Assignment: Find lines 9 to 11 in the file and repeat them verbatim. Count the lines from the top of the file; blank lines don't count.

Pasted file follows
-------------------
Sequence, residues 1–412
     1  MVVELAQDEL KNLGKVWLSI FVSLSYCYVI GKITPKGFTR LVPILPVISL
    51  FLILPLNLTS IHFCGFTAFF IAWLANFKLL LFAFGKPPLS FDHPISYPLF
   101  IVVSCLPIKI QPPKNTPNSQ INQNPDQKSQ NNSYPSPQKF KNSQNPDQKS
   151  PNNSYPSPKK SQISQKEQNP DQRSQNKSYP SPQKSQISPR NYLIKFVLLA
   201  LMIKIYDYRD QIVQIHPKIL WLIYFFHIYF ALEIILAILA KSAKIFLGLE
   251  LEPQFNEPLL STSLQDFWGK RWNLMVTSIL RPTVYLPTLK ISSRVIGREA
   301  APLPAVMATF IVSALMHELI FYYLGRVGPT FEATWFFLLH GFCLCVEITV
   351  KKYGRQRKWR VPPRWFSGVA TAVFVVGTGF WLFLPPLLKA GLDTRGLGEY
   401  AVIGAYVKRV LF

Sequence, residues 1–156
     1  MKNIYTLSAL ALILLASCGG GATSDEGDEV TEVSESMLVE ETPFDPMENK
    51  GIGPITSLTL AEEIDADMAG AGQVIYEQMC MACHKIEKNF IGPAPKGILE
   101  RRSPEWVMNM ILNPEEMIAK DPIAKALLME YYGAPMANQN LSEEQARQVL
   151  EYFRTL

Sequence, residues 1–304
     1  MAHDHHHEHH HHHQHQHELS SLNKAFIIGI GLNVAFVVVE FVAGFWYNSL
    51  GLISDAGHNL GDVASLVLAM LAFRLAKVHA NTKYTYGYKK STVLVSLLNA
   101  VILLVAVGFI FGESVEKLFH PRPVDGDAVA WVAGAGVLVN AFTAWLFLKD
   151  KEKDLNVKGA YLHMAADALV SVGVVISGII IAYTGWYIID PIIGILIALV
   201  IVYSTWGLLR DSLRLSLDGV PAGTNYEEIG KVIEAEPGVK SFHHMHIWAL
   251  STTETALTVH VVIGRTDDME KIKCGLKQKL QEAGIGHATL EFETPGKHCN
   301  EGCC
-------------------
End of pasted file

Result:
   351  KKYGRQRKWR VPPRWFSGVA TAVFVVGTGF WLFLPPLLKA GLDTRGLGEY
   401  AVIGAYVKRV LF

Sequence, residues 1–156